Strategic Initiatives to move forward
In order to achieve the goals of effective KM to meet its objectives, it is important that there be a number of factors at play to make this work. Apart from strong leadership within any public sector organisation that endorses and champions the importance of knowledge management, this leadership should not be just from the very top of an agency or department within the government but from heads of sectors and divisions within the departments. There should be a need to develop a knowledge culture to improve and implement knowledge strategy (frameworks, priorities and plans) and to lead knowledge culture initiatives (communities of practice, knowledge-maps, sharing). In another word, to succeed in the knowledge economy there are certain very basic policies that are needed. The first is to create a cultural change within the institutions of the country. To do that, it is important that it established its own internal understanding and the wisdom of its culture in order to transform the organisation and the country into a viable knowledge-based economy. Institutional change will be crucial as who can be better to develop its own strategy but the government of the country. Having a Knowledge Management strategy in place can determine what is needed for the country and put the necessary process in place to create the transformation.
Another important step would be to develop a technological infrastructure. One of the vital tools a government needs in order to embrace as much of their citizenry is wide access to the Internet and ICTs. To achieve both, funding by the government is necessary. There should be programs to increase and widen computer literacy in the area of the school, workplace and community. In many countries, raising the overall literacy of the population is a primary goal. Part of this should be built into programs to ensure that the current and next generations become computer literate.
Information technology pervades our lives and drives nearly all facets of life. This is not just isolated to developed countries, but is evident in most of the developing countries. In the case of the latter, the technology and the economic prospects they bring, are not as universal. However to thrive in the global knowledge economy it is going to be important to change the whole educational system to ensure a wide base of knowledge workers who understand and use these information technologies. Thus, education and training are keys in order to ensure the skills for the knowledge economy exist in abundance. It is important that there be an army of skilled technical experts who understand and can apply technical knowledge. These workers are the underpinnings of the knowledge economy.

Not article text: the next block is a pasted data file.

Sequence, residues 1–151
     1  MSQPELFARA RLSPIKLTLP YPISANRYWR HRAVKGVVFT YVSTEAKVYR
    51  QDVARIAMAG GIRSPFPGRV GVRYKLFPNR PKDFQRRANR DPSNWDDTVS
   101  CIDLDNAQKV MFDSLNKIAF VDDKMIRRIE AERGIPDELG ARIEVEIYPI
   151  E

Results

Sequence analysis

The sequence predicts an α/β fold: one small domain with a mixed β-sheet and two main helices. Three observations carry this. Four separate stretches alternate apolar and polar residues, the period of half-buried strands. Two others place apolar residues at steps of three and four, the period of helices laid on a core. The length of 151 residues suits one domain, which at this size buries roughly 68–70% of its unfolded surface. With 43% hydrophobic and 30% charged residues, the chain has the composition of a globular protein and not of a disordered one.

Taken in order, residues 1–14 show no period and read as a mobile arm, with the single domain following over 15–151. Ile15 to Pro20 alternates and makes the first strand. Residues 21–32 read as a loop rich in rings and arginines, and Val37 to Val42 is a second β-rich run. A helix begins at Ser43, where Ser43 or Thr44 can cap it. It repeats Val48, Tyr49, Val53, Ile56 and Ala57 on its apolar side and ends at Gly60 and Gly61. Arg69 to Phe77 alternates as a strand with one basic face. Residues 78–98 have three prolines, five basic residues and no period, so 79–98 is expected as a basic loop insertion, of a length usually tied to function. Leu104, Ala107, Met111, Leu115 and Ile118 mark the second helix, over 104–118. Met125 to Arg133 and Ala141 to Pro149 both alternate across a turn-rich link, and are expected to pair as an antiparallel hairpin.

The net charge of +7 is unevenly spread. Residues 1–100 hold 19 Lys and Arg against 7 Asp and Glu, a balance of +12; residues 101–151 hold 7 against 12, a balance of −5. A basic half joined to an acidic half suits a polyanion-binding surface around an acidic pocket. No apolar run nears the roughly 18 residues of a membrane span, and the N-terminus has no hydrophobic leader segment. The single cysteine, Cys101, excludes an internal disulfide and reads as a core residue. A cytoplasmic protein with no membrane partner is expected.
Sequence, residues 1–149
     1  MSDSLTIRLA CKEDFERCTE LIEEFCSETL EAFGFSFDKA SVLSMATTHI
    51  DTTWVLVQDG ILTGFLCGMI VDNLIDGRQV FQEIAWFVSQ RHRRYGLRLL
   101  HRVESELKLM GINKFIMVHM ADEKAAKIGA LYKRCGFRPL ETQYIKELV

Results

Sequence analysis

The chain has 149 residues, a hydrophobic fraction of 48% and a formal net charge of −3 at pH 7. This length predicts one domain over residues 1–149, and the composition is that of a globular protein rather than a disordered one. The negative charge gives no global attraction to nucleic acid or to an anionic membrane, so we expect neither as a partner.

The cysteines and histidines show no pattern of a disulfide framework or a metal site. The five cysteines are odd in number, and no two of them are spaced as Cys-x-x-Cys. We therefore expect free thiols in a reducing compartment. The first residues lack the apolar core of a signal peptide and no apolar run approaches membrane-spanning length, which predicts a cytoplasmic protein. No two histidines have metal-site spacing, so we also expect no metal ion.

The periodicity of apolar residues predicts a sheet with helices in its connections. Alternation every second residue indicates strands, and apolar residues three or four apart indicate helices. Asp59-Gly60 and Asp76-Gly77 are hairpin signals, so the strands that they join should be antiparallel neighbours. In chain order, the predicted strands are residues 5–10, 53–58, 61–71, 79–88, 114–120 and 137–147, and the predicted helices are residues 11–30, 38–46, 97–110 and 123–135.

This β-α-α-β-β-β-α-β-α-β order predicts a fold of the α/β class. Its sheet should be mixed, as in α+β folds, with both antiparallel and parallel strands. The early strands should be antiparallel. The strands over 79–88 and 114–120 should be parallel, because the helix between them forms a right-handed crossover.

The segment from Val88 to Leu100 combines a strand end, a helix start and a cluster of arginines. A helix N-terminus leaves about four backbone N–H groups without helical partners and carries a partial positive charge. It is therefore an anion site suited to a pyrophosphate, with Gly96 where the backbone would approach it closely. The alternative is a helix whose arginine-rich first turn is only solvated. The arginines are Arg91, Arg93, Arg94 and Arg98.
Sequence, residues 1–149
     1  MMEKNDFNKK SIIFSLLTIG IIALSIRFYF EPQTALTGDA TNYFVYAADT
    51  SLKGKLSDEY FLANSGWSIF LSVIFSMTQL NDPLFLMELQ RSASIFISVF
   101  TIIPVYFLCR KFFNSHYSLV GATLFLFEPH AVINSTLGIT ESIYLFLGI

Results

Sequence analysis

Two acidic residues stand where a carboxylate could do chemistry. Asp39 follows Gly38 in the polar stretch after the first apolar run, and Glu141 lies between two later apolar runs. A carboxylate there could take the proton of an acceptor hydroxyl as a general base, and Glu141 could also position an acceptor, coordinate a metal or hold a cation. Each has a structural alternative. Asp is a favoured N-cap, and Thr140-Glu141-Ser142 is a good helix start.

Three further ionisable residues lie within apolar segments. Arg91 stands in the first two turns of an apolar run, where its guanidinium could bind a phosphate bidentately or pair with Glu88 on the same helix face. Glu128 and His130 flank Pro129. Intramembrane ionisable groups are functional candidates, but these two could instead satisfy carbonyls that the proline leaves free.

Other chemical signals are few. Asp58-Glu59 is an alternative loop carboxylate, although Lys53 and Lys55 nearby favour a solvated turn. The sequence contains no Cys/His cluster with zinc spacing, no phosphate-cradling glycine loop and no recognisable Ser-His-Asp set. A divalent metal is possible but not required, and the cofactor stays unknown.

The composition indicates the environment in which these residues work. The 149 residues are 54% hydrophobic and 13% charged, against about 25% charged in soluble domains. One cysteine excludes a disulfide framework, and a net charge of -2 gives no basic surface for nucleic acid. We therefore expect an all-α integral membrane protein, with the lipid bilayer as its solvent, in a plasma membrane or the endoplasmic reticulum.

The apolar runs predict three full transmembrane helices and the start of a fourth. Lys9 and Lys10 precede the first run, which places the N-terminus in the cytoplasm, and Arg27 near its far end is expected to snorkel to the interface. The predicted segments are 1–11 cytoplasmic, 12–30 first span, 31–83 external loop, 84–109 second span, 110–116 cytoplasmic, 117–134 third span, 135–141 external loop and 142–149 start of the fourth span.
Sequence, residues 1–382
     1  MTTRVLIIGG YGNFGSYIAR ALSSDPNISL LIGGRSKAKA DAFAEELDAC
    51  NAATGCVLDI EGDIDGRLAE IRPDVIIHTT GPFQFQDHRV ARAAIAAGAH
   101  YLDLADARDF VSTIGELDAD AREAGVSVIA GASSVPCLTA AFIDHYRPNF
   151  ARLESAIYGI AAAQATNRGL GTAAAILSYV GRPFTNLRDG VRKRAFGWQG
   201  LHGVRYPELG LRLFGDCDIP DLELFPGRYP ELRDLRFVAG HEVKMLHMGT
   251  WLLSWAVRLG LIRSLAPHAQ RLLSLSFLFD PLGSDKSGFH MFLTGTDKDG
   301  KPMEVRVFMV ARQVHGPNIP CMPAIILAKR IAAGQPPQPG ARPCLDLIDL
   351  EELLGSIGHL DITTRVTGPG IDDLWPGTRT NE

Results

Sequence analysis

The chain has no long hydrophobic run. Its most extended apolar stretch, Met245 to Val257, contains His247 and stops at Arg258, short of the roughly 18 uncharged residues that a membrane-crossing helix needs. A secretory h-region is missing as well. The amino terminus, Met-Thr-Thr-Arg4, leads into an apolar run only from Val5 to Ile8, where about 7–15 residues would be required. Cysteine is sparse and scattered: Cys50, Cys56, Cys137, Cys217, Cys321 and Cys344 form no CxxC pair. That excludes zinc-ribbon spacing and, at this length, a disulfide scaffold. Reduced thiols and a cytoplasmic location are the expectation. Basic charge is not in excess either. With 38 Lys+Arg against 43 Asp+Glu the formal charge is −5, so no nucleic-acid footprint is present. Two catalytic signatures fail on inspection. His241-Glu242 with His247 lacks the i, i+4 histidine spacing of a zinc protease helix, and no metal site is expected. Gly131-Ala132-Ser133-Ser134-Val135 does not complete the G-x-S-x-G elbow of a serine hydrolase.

Furthermore, there is need for programs to fund businesses to get them online. This is an important lesson many of the developed countries have had to learn. Getting businesses online is not just ensuring wide access to the Internet. It also requires extensive educational programs so business leaders understand the opportunities and benefits of having an online presence. This is important so that they can take advantage of the world as a potential customer.
Equally crucial is that business be able to thrive in a competitive environment, and can compete, not only within their own country but also in the wider global economy. Diversity is a key characteristic of the knowledge economy. It is also important that there be intellectual property laws to protect businesses and innovators. However, the laws themselves must be flexible to ensure that monopolies do not develop (Stiglitz, 1999:6-9). It is important that there be innovation, creativity and diversity in the emerging knowledge economy and in the culture of government departments in order to adapt to the changes being brought by information and communication technologies.
There also needs to be a coordinated strategy for what knowledge management principles should be applied that is developed in tandem with the overall goals and objectives. Knowledge is a strategic tool that is resident in numerous places. This ranges from the tacit, explicit and cultural knowledge and experience of individuals to the vast reservoir of information that is resident within private and public sector organisations. The public sector should recognise that they need to harness the knowledge of all of their workers, not just the highly skilled, innovative and creative worker to compete effectively and to respond to the changing culture due to the impacts of new technologies. Since a person with talent and drive can easily move around within the marketplace, there should be aggressive program within government to attract new, skilled workers and to keep current employees. It is the function of the knowledge management worker to ensure that the knowledge assets of such highly valued employees is also put to the most effective use in pursuit of corporate and public objectives while the worker is with the organisation.